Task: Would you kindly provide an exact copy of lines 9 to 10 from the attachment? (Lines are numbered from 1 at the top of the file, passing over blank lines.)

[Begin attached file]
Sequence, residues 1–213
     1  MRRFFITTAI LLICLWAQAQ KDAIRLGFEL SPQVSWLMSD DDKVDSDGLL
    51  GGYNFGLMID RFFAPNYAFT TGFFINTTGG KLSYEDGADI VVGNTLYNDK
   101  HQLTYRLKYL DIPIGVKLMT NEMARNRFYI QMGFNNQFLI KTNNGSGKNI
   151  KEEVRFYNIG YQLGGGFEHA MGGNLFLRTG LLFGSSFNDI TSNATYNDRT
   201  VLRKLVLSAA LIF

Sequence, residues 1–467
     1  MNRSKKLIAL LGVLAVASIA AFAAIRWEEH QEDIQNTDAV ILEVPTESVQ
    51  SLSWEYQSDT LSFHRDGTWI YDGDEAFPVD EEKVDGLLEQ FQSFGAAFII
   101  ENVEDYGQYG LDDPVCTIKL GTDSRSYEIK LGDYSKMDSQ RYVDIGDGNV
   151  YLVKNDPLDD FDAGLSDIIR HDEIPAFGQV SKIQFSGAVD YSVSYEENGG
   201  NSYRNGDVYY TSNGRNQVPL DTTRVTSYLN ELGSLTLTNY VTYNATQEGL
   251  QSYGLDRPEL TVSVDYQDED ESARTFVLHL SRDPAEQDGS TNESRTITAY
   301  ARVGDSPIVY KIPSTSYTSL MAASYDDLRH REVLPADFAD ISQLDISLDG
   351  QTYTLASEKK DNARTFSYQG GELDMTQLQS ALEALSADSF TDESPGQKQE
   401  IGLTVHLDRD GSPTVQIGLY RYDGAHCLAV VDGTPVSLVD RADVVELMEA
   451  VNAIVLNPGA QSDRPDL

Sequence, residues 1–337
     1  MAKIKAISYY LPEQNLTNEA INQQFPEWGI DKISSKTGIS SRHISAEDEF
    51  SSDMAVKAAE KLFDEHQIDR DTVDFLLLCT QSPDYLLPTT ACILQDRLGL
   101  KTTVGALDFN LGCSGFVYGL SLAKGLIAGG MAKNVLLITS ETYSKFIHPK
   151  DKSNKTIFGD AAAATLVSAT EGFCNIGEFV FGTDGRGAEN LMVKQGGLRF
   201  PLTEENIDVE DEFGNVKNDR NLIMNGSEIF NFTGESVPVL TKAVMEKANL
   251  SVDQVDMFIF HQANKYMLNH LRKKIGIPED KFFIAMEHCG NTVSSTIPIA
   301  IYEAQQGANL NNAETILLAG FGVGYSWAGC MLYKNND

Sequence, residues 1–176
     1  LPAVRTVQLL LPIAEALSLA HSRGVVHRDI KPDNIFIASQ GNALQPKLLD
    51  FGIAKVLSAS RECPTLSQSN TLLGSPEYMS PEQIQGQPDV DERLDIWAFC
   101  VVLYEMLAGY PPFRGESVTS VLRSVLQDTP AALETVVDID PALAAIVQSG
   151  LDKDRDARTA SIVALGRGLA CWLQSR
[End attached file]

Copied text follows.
    51  SLSWEYQSDT LSFHRDGTWI YDGDEAFPVD EEKVDGLLEQ FQSFGAAFII
   101  ENVEDYGQYG LDDPVCTIKL GTDSRSYEIK LGDYSKMDSQ RYVDIGDGNV